Engineered to take a punch
In the Kate Gleason College of Engineering, the Dazed and Confused exhibit invited people to step up to the life-size dummy wearing a yellow football helmet, take aim and give it wallop. High-tech sensors embedded into the helmet are part of a wireless concussion detection system built by RIT engineering students to be used by high-impact sports such as football, hockey, lacrosse and boxing.
"This does not specifically diagnose concussions but will let coaches know that their players have been hit hard. We know that athletes don't want to leave games even after big hits. They can get medical care sooner if needed with this information," said Jimmy Cummings, a fifth-year biomedical engineering major from Westford, Mass. He and his classmates were part of a senior multidisciplinary student design team that built the system and app using wireless technology to gather data from the sensors.
Live at Imagine!
Students and festivalgoers got their 15 seconds of fame at an interactive lecture about livestreaming.
Functioning as both an exhibit and a one-credit course for RIT students, participants got an introduction to world of livestreaming, where tools, including Facebook Live, Periscope and Twitch, allow people to broadcast their content independently to gain a following and even make money.
Plus, the whole thing was livestreamed.
"Like a lot of the students here, I came to the lecture because I needed one extra credit for graduation," said Gabriela Jaimes, a third-year applied arts and science major from Rochester. "It was very interesting to learn about these useful tools and how marketers might use this in the future."
Students taking the course for credit will write a reflective paper on the experience. For festivalgoers, the homework is optional.
The discussion and Q&A, taught by Mike Johansson, senior lecturer of communication, and Nicholas Lemieux '13 (multidisciplinary studies), founder of a streaming company called Million-is now available to view online at twitch.tv/videos/255438630.
How does that compute?
In the Computer Zone, festivalgoers got to playtest a video game that mixes virtual reality (VR) with augmented reality (AR).
Created by a team of students as part of a class project, VRsus guARdian allows an AR player-using an iPad-to chase down a VR player who is trying to navigate a virtual space that maps to the actual physical play area. While the players are standing on different sides of the room, they are actually playing in the same game.
"I really liked that the game was multiplayer," said Aiden Penza, a 12-year-old from Webster. "I like to play with computers at home and I've done several coding camps at RIT, so it would be cool to make something like this someday."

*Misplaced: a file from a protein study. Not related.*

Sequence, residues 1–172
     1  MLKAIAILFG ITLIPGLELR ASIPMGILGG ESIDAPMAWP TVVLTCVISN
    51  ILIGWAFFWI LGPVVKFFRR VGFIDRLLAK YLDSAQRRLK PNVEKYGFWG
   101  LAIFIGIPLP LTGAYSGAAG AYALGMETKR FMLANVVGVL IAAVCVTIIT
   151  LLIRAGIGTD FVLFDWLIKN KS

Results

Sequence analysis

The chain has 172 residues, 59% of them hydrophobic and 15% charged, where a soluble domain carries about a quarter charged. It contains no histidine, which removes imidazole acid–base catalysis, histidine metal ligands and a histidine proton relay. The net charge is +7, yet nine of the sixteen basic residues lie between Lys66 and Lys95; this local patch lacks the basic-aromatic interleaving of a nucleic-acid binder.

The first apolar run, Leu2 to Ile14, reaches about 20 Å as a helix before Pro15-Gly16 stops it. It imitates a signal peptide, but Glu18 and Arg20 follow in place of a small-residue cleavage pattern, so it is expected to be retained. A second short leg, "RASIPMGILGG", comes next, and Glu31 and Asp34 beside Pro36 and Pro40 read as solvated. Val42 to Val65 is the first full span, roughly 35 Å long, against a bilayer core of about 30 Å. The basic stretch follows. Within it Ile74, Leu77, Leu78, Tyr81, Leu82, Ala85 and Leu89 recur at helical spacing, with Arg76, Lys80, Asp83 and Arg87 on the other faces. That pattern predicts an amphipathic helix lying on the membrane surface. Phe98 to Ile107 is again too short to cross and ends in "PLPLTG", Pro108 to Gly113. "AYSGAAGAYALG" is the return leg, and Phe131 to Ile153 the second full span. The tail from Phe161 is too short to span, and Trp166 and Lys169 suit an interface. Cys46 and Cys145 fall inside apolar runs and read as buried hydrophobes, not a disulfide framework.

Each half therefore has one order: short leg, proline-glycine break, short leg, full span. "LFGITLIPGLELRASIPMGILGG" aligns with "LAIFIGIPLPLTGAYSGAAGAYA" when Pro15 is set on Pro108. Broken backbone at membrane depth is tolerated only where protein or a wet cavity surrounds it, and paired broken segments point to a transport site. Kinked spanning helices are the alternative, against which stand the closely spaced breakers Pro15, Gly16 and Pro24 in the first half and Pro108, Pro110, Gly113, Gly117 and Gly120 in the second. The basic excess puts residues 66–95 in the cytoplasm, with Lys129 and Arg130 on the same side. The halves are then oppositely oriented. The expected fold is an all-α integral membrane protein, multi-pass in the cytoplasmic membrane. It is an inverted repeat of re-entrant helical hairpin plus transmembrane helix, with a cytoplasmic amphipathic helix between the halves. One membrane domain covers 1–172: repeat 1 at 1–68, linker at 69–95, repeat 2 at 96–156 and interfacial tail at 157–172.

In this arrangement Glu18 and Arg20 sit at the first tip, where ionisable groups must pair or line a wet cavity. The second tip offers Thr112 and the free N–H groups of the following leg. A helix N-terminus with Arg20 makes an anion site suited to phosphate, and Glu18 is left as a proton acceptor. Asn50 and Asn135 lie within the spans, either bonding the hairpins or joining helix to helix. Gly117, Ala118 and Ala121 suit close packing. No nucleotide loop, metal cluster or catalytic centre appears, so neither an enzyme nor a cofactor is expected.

Usually AR and VR are standalone games, but the team wanted to make something new that no one has ever experienced. The video game was created by game design and development majors and 3D digital design majors.
"VR is often a very intimate experience and I thought, let's figure out a way to make this more social," said Tanat Boozayaangool, a third-year game design and development major from Thailand. "I think we're doing that with this game."
After Imagine RIT, the team plans to submit and showcase the game to several other festivals.
Ransom Quinn is using artificial intelligence to master writing. His writer-editor program, The Interactive Automated Author, took six months to build and program, but it might save writers who aspire to composing War & Peace some time developing their prose.
The fifth-year computer engineering student from Fayetteville, N.C., said his program is built around two collaborative network parts, a writer and an editor. Inputting samples of published stories complete with language, rhythm, grammar and punctuations as a model, visitors composed their own sentences, and the system graded their work and even completed sentences, paragraphs and stories.
Quinn's goal is to make his system faster and eventually build an app for future authors.
Making a global impact
Exhibits in Saunders College of Business focused on critical thinking and making a difference in the world. Three exhibits, including a project where students created business plans for Haitian farmers to manufacture essential oils for export and another project that markets breadfruit as a source of nutrition, demonstrate the impact of global reach.